The 10 P.M. Question is a wonderful study in opposites. At just 12 years old, Frankie Parsons has an idyllic kid’s life: great best friend, amazing pet cat and more cake than one boy can reasonably eat alone. He’s also saddled with responsibilities to his eccentric family that most grownups would juggle with difficulty, and a whopping anxiety disorder weighting his shoulders. Has the cat given the whole family worms? Did everyone get their flu shot? Every bug bite holds the potential to blossom into full-blown cancer in his overactive imagination. At 10 p.m. each night he visits with his mother in bed, and she helps to dispel his anxieties . . . but she may be at the root of them, too.
When a new girl comes to Frankie’s school, she immediately adds to his list of things to worry about. Sydney asks questions that blow the lid off Frankie’s highly ordered universe and force him to begin taking care of himself, but she’s not without her own issues and complications.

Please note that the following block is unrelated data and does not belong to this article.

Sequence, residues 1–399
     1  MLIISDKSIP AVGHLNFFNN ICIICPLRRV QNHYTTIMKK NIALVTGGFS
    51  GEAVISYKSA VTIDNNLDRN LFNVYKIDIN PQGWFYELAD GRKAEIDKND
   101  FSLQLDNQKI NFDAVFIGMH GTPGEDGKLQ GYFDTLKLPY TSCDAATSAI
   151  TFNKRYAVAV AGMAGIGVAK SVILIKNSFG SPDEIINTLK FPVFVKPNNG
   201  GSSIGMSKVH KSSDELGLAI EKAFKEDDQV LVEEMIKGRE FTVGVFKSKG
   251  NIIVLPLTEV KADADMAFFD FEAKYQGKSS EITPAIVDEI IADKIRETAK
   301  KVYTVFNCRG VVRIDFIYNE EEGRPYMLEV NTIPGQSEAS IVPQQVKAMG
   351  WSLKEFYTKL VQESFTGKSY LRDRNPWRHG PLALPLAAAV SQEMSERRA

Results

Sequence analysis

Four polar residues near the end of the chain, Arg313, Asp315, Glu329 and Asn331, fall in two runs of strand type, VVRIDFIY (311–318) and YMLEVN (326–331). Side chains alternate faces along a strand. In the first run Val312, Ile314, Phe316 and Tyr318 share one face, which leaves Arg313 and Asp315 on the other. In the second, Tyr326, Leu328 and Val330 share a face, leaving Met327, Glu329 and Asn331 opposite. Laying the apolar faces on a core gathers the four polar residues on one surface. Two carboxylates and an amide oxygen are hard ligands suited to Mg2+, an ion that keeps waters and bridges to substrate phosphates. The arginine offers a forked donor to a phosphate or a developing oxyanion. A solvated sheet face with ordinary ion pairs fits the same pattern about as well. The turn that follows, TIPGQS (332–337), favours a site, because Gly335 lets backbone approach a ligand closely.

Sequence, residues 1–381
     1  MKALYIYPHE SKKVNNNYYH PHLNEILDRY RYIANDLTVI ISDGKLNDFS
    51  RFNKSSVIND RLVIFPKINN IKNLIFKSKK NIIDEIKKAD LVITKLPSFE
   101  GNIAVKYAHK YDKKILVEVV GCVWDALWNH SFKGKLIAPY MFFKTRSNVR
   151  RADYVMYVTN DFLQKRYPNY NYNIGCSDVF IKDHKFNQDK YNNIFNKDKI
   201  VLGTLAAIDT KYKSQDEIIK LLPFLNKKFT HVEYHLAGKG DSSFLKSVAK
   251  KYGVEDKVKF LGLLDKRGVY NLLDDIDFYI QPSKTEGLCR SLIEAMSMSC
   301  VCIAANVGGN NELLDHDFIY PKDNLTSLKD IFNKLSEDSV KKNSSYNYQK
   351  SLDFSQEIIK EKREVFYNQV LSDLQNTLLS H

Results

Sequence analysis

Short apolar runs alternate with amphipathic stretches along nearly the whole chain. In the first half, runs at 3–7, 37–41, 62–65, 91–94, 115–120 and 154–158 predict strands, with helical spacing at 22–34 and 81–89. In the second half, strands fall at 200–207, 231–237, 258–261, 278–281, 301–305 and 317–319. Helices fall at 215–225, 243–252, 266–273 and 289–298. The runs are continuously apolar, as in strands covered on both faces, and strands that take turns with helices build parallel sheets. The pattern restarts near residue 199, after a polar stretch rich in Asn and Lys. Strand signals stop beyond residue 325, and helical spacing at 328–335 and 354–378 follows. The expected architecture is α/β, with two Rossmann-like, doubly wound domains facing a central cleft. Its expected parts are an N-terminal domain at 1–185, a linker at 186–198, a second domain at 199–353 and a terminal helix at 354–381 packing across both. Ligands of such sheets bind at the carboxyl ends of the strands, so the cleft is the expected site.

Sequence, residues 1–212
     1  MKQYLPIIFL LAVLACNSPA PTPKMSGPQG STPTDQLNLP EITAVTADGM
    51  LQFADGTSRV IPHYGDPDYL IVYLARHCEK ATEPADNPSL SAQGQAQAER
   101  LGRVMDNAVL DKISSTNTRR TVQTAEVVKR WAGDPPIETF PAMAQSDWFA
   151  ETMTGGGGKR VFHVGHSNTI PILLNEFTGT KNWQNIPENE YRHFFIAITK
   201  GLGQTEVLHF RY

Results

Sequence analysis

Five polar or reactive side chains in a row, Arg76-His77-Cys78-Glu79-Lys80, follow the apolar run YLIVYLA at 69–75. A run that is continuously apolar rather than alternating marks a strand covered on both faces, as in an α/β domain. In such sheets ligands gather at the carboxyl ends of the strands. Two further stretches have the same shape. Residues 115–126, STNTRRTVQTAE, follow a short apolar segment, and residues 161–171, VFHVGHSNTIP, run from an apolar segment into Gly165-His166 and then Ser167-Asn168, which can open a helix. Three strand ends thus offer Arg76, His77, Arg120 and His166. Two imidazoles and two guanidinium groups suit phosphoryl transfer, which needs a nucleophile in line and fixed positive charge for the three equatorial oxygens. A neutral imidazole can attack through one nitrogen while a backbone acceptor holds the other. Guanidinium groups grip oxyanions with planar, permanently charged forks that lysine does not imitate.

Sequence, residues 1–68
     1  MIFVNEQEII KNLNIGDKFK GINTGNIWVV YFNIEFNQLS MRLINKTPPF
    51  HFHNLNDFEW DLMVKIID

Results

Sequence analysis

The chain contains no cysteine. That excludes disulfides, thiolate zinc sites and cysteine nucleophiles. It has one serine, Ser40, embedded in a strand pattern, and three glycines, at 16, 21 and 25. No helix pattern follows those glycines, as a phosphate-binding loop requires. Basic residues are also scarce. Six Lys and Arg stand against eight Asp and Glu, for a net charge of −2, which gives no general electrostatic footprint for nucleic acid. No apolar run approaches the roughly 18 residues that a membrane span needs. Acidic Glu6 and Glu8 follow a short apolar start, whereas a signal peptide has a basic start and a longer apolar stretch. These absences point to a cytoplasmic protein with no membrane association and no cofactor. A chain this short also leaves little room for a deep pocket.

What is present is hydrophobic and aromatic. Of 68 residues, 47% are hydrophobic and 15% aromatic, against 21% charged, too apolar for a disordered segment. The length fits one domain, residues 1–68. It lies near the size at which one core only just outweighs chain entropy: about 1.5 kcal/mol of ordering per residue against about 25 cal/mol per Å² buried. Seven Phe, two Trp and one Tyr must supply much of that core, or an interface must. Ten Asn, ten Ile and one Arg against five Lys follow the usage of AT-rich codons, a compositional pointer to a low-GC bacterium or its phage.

Kate De Goldi has created a lush, loving world in The 10 P.M. Question. From the fat aunties to the even fatter cat, a father called “Uncle” and best friend Gigs, it’s just a pleasure to spend time in the family home with its attendant, and obviously affectionate, chaos. For a kid with too much on his mind, Frankie is at least in good and supportive hands when things come to a head.
An additional treat for this reader was the book’s New Zealand setting. The unfamiliar landmarks and subtle cultural differences just add another layer of lushness to the backdrop, a fourth auntie in the family, as it were. After Frankie has what his sister calls a “nut-out,” we see that a happy ending isn’t possible for everyone in the story, and that to settle for contentment sometimes must suffice. But the family pulls together in the wake of the crisis, and there’s great hope in this story of one boy slowly conquering his fears.